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What’s at Stake in Biden’s $15 Minimum Wage Plan: Week Ahead

Raising the national minimum wage to $15 an hour has always been part of President Joe Biden’s “American Rescue Plan,” but whether he can get it done as part of the $1.9 trillion stimulus plan is debatable.

Biden himself said in his first post-inauguration interview with CBS Evening News Anchor Norah O’Donnell on Sunday that he “put it in, but I don’t think it’s going to survive,” largely because of specific Senate rules currently in place.

Sen. Bernie Sanders (I-Vt.), who is chair of the Senate Budget Committee, wants to move it forward in the Senate through a process called reconciliation. Reconciliation would allow Democrats to pass a coronavirus relief package that is broader than what the GOP would like, without needing their support. The Senate is currently debating whether the $15 minimum wage proposal qualifies for reconciliation.

While Democrats generally support the minimum wage hike, that’s not the case among Republicans. And there are a few detractors among even Democrats. Senator Joe Manchin, a Democrat from West Virginia, opposes the increase because he thinks it would harm small businesses in his state.

Nevertheless, Biden intends to keep fighting for the increase. “I’m prepared as president of the United States to have a separate negotiation on minimum wage to work my way up from what it is now,” he told O’Donnell. “No one should work 40 hours a week and live below the poverty wage, and if you’re making less than $15 an hour, you’re living below the poverty wage.”

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The federal minimum wage has stood at $7.25 an hour since 2009. Biden wants the increase to rise to $15 an hour by 2025. The federal standard sets the floor for the minimum wage for all states, although they can boost it higher if they choose. Nearly 10 states, including California, Florida, Illinois, Massachusetts and New York, have plans to raise the minimum wage to $15 in annual increments over the next few years. In New York, the minimum wage is currently at $12.50 an hour, while New York City is already at $15 an hour. The minimum wage in Long Island and Westchester County adjacent to New York City is at $14, but will be required to be at $15 by Dec. 31, 2021, while the rest of New York State will continue to see annual increases until the rate reaches $15 an hour.

A report by the Congressional Budget Office on Monday said the benefit for the wage increase would be a reduction in the number of people living in poverty by 900,000. Overall employment would be reduced by 1.4 million workers due to higher wages, however. The provisions of the bill, the Raise the Wage Act of 2021 as introduced in the Senate on Jan. 26, 2021, would cover most low-wage workers, but not those who are self-employed or certain seasonal workers. And it increases the share of the minimum wage for tipped workers that must be paid by their employers.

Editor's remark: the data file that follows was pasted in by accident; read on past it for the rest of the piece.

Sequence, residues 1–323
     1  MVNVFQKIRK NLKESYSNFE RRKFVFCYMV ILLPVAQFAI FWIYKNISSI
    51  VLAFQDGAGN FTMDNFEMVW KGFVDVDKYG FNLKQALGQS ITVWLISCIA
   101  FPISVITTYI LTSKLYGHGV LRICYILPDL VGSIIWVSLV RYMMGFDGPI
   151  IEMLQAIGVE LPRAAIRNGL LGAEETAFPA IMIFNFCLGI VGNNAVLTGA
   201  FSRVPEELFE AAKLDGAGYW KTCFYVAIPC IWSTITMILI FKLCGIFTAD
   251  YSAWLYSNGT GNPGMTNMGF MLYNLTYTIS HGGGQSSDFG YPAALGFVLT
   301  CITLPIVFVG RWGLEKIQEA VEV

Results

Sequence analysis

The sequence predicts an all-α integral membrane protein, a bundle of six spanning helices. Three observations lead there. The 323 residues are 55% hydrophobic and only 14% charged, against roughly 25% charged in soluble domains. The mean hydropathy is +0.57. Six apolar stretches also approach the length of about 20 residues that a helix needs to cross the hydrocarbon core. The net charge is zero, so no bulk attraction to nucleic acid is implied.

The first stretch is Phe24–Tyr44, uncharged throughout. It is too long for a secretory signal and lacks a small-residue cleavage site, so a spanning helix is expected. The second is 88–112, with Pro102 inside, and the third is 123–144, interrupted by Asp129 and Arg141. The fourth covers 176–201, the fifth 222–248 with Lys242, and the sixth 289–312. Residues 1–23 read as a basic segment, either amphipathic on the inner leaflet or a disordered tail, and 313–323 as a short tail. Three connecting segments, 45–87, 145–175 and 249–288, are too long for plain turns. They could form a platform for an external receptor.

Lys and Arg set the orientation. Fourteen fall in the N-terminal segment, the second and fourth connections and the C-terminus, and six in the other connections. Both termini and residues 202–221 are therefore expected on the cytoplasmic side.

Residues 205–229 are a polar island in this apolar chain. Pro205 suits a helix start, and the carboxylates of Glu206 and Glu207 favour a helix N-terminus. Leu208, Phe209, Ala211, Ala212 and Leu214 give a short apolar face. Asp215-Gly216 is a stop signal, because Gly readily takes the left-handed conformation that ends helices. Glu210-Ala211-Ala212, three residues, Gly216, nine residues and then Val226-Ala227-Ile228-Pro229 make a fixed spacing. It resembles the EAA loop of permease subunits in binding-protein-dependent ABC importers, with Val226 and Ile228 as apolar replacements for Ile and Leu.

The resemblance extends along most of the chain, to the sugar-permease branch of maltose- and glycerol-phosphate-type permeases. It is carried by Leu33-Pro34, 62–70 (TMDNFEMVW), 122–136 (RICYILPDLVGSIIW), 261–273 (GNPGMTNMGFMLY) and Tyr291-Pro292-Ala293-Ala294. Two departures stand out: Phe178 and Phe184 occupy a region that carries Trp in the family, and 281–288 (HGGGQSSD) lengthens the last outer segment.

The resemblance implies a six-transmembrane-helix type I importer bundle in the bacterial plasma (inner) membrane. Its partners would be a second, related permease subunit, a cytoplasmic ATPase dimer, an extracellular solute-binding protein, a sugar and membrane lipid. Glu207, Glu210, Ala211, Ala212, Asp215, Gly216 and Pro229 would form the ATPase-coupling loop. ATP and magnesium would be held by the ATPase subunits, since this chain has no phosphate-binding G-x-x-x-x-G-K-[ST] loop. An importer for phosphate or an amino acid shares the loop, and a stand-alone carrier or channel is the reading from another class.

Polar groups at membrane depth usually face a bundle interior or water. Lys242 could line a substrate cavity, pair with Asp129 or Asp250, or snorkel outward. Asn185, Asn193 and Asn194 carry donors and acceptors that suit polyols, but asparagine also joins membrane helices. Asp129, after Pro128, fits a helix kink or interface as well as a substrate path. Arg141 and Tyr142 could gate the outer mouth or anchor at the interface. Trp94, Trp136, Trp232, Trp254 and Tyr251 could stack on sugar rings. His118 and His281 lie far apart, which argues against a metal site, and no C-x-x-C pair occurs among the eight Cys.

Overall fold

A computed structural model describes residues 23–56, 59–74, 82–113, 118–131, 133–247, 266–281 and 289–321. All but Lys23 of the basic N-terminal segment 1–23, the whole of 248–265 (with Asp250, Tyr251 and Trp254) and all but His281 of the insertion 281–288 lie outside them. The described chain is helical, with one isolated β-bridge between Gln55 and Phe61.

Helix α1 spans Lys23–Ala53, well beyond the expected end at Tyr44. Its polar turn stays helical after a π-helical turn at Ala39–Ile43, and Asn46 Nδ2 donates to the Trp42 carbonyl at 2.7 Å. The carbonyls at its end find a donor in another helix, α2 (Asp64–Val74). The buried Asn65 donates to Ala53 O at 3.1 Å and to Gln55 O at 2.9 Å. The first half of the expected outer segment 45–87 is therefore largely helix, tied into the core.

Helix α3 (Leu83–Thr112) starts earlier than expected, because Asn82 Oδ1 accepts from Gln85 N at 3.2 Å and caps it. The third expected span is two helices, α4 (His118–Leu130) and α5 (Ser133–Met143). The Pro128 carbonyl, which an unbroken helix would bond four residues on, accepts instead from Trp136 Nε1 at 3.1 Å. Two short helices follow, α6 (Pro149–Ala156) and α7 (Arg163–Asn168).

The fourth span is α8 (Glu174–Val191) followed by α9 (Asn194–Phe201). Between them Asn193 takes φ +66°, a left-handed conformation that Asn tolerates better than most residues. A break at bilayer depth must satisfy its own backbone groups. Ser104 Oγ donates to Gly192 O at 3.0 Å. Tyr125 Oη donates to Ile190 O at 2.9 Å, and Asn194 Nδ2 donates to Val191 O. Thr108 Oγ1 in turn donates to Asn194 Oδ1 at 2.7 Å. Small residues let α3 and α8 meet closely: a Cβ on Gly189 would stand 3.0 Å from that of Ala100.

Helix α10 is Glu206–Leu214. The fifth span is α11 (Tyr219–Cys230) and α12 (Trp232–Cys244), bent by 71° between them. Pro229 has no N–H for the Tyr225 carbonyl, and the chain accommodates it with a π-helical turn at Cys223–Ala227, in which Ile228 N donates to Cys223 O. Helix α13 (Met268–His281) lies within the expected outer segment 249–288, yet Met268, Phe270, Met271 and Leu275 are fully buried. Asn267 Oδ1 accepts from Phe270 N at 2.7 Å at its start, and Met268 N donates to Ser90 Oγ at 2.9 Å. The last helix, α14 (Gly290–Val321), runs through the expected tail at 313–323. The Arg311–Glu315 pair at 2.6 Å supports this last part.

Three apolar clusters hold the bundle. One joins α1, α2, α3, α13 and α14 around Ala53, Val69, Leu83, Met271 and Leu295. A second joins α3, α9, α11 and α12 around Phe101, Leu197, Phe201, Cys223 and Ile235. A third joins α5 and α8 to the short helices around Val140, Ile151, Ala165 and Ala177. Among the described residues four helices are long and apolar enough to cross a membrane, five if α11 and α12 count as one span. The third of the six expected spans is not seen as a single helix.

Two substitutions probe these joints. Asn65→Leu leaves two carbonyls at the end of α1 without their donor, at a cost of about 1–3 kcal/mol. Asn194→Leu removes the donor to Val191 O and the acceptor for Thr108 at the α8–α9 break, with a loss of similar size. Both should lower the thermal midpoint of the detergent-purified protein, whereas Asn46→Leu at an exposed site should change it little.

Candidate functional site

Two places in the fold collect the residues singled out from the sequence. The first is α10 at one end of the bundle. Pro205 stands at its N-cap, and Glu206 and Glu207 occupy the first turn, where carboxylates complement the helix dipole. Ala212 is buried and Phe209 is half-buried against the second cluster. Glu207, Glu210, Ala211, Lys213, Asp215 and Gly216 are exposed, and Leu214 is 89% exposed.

Corey Tarlowe, an equity research analyst at Jefferies analyzing the impact on the dollar store sector, said that the current average minimum wage in states where Dollar General, Dollar Tree and Family Dollar are most concentrated is $7.79, $9.36 and $8.43, respectively, by banner. The three nameplates all have “meaningful exposure as a percentage of their overall store bases to Texas, Georgia, North Carolina and Pennsylvania, and these states have not increased their minimum wages in over a decade,” he said in a research note on Tuesday.

While incremental increases would raise wage costs for the retailers, Tarlowe believes there are offsets that would help them mitigate the higher rates. Dollar General, for example, is on track to complete its initial rollout of DG Fresh, a plus in some “food desert” locations in Oklahoma City, Tulsa and Birmingham due to a lack of a true fresh food offering from traditional grocers, he said. Dollar Tree is adding more discretionary item at higher margins as well as expanding its frozen and refrigerated merchandise, and Family Dollar is remodeling stores in a new format that improves store layout and adds a greater assortment mix, including Dollar Tree $1.00 merchandise sections.

The analyst said if it goes into effect, a minimum wage hike “puts more money in the hands of the Dollar Stores’ customers.”